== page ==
Flood risk reduction with multiple benefits: more space for the river

Category: Research

Ecological flood control, i.e. measures that restore floodplains, is effective, technically possible and economically efficient. Yet, this approach is not consistently implemented worldwide because of the high administrative and legal hurdles. This is shown in a study that analyzed four projects for the restoration of river floodplains in Germany and the USA in which great synergy effects between flood protection and the regeneration of ecosystems were achieved. Based on the results, politicians and authorities are recommended to focus more on ecological flood protection in the future and to develop efficient solutions for providing the necessary areas. In this way, national and European environmental goals could also be better achieved.

Giving rivers more space is the most reasonable flood protection. Image source: Pixabay

"Conventional technical flood protection strongly interferes with the structure of water bodies, is expensive, usually rigid and cannot easily be adapted to increased flooding regimes resulting from environmental change. The measures also restrict the natural functions of floodplains, which include water storage and the improvement of water quality. In addition, habitats for many animal and plant species in and around water are lost and with them a multitude of benefits for us humans. That is why we need significantly more flood control concepts worldwide with multiple benefits for the population and the environment," said Sonja Jähnig, researcher at the Leibniz Institute of Freshwater Ecology and Inland Fisheries (IGB) and author of the study.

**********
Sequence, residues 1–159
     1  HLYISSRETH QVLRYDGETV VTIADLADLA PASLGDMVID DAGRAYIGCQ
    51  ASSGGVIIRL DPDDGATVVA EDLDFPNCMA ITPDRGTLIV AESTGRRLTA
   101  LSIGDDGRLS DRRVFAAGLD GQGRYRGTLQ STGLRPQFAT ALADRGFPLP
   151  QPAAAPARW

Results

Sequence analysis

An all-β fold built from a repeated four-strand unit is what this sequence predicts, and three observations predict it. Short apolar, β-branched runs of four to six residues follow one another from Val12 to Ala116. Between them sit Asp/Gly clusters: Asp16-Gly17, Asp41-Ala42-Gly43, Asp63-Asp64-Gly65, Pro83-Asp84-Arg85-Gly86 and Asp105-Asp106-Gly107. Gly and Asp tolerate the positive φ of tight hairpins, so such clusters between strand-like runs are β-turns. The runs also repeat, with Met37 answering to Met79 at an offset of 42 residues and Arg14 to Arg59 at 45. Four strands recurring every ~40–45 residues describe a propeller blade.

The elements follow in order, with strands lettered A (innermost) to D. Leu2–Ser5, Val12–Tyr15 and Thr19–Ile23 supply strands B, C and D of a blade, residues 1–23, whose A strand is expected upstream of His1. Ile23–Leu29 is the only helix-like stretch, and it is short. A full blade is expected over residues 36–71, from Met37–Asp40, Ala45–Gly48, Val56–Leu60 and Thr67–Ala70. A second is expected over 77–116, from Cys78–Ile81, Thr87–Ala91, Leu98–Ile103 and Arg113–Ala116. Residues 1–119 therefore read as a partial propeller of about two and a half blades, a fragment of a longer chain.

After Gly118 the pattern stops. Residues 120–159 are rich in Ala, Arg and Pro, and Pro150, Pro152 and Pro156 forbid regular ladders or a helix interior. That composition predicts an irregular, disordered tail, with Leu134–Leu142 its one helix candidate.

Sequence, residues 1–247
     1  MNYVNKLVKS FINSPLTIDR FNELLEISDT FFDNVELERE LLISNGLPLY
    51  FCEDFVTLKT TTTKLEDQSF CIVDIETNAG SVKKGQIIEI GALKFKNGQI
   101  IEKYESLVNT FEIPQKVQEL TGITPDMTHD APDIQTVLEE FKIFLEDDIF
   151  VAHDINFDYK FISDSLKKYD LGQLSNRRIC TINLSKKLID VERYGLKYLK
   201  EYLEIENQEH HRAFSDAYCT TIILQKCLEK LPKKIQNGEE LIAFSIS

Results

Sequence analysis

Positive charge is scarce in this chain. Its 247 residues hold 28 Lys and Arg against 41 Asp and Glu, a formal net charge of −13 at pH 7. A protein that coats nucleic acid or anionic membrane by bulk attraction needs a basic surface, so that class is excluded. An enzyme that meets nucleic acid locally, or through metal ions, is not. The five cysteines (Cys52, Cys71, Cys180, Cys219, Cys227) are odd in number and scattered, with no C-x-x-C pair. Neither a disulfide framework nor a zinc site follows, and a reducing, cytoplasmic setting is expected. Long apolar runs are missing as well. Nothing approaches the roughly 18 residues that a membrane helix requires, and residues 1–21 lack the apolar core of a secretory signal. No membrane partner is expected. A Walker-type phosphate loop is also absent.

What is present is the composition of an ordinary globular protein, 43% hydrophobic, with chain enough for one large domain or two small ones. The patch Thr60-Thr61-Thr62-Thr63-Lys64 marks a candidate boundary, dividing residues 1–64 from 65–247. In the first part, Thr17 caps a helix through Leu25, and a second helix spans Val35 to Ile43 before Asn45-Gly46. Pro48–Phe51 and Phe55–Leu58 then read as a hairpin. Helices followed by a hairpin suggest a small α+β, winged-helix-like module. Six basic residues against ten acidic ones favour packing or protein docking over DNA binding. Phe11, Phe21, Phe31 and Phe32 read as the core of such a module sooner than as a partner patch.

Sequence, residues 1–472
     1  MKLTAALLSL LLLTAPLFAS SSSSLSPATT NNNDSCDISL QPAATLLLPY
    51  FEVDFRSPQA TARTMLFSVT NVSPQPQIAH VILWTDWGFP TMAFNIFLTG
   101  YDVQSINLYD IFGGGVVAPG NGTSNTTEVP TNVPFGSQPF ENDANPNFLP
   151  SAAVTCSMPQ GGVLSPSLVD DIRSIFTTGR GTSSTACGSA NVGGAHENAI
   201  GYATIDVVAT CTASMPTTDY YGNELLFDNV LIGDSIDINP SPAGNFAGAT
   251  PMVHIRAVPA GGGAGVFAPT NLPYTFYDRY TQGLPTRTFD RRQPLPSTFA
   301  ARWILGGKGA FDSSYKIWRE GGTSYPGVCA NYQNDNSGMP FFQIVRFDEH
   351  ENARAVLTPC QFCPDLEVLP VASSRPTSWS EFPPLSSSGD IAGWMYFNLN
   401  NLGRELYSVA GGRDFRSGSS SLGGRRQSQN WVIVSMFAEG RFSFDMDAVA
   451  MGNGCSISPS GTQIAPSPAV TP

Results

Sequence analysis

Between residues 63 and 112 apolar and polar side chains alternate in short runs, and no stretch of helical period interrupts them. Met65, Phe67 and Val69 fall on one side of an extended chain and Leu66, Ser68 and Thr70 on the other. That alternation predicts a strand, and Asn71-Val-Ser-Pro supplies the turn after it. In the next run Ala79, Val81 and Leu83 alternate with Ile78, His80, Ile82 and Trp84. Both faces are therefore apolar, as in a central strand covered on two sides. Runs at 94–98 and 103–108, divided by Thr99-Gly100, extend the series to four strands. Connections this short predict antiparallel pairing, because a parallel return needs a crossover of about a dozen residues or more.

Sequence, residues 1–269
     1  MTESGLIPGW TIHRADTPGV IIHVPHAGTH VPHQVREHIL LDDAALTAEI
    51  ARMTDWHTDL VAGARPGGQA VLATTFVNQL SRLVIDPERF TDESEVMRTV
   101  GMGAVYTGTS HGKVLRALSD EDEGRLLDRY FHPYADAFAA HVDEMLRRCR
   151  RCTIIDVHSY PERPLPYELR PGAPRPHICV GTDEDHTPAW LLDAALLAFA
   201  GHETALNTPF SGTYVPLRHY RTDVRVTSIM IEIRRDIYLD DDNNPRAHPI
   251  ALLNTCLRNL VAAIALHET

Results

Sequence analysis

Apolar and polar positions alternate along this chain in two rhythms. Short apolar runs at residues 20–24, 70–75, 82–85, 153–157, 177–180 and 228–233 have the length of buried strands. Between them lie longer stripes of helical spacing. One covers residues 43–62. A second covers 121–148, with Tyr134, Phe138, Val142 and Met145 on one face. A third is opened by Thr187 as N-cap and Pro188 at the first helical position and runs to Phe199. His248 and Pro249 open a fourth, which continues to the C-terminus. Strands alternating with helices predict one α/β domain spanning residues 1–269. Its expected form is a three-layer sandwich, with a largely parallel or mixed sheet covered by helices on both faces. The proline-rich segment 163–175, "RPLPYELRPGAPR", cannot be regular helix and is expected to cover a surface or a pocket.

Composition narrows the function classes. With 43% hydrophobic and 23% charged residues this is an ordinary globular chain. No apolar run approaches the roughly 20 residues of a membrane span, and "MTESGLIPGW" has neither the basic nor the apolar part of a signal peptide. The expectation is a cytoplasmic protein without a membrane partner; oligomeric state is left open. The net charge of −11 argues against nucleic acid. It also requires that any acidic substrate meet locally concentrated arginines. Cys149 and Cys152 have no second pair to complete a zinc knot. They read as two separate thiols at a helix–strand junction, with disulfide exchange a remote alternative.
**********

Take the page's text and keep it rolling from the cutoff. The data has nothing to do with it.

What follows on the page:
Conventional flood control can give a false sense of security

Structural measures such as dykes, dams and artificial canals promote urban and agricultural development in areas that actually serve the purpose of flooding - the floodplains. As a result of these structural measures, the area thus gained is less likely to be affected by small to medium floods. This often gives the impression that the flood risk has been averted. As a result of this false sense of security, the local population underestimates the risk of rare large-scale floods and is all the more susceptible to their consequences. This so-called "levee effect" exemplifies the fact that some human adaptations that are effective in the short term actually increase the long-term vulnerability of the entire system.

Flood protection with multiple benefits scientifically studied